At its core, vegetable fermentation is native microbes (bacteria that live in the soil and come out of the soil on the peels/skins of vegetables) eating the sugars that are naturally present in those same vegetables. I often talk and write about giving those microbes the “right conditions” so that they can vigorously feast and make wonderful fermented vegetables for you to eat.
What I usually mean by the “right conditions” is the proper temperature (room) and the proper contact with air (little to none). Other than that, there isn’t much more that your vegetables need to become tangy, tasty, probiotic ferments. One thing that does help the process along, however, is making those sugars a bit more available to our friends the lactic acid bacteria. That’s why we chop vegetables. It’s also why the size of the piece is important.
One citation I love from Sandor Katz’ The Art of Fermentation concerns how the good bacteria grow from a teensy fraction of the total bacterial population on a live plant, to being the dominant strain during fermentation. On living plants, lactic acid bacteria may only account for “0.1% to 1% of the total microbial population,” the study, from the FEMS Microbiology Review, states. While they’re there, they may help protect the live plant from bad bacteria, but it’s once the plant is harvested, the real fun begins.
The act of harvesting the plants breaks down some of the cell walls and
gets the party started makes nutrients more available to bacteria. For the first couple days of fermentation, the good guys (lactic acid bacteria) and the bad guys (pathogenic bacteria or bacteria or enzymes that break down plant material rather than make it tasty and healthy) battle it out, fighting over the limited resources available. The pH is still too high for the bad guys to have been killed, but after a few days of fermentation, the lactic acid bacteria have lowered the pH, the bad guys lose, and your lactic acid bacteria are able to live long and prosper.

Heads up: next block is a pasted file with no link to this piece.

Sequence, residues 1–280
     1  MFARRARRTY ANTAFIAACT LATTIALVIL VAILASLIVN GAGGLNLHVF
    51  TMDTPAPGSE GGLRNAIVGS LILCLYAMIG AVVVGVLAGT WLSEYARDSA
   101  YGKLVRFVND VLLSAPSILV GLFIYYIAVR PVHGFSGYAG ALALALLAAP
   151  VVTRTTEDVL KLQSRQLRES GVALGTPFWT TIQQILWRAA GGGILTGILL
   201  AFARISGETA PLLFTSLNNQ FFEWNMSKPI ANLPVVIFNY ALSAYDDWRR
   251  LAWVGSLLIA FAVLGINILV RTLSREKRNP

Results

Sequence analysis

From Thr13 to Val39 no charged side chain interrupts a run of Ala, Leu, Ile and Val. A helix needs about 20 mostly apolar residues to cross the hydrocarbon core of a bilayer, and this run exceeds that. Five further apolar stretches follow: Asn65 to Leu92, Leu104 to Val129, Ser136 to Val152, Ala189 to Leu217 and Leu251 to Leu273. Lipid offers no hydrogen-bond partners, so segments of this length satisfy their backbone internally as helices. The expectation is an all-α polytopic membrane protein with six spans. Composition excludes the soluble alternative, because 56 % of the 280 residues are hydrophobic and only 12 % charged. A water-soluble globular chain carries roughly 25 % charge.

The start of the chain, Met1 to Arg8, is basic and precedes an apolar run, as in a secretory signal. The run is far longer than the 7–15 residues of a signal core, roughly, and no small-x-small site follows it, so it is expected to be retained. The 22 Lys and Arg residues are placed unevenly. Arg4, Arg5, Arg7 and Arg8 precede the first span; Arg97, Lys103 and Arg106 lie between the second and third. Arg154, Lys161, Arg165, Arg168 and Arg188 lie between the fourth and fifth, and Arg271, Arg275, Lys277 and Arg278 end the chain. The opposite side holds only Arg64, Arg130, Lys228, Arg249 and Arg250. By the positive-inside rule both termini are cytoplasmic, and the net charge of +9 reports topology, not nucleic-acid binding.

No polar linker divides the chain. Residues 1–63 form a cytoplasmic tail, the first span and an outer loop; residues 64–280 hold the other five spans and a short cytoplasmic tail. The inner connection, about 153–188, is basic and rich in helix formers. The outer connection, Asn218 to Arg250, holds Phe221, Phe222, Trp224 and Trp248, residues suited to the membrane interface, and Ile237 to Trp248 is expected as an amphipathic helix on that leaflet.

But that key, kickstarting ingredient is the freeing up of the plant nutrients through harvesting. When we chop vegetables, we do more of that. We give the bacteria food to eat. I like to think of chopping my vegetables for fermentation as giving the LAB a fridge full of freshly prepared salads versus giving them a fridge full of whole vegetables. Of course they can do the work required to eat the whole vegetables, but it’s so much easier to eat those already-made salads.
I frequently ferment whole vegetables, and there are traditional vegetable ferments made from whole vegetables, but I do considered them to be next-level vegetable fermentation. More salt is needed at the start, since salt is another thing that gives lactic acid bacteria a leg up versus its bacterial competitors in the early days of fermentation, and they take waaaaaay loooooonger to ferment than their sliced counterparts.
The other side of that coin is making very small pieces (grating, for instance). When very sweet vegetables (certain carrots and beets come to mind) are shredded into very small pieces, you get a little bit too much sugar availability. That actually gives a little bit of an advantage to the native yeasts that are in there, and while they will eventually acidify into pickles, the brine can be a bit viscous (and in my opinion, unpleasant). This is a very common issue with beet kvass if my email inbox is any indication.
So, if you’re just getting started with vegetable fermentation, try an average sweetness vegetable and do a little bit of slicing or chopping for best results. My go to for first timers? Radish Pickles.
Do you like to ferment whole vegetables? Had the slimy beet or carrot brine? Share your chopping-related story in the comments.
*The study linked to above is lots of fun. Most of it is easily understandable for those without a science background (not always the case with microbiology texts). Just keep in mind that it was published over 20 years ago and some of the questions that are raised therein are things we now know.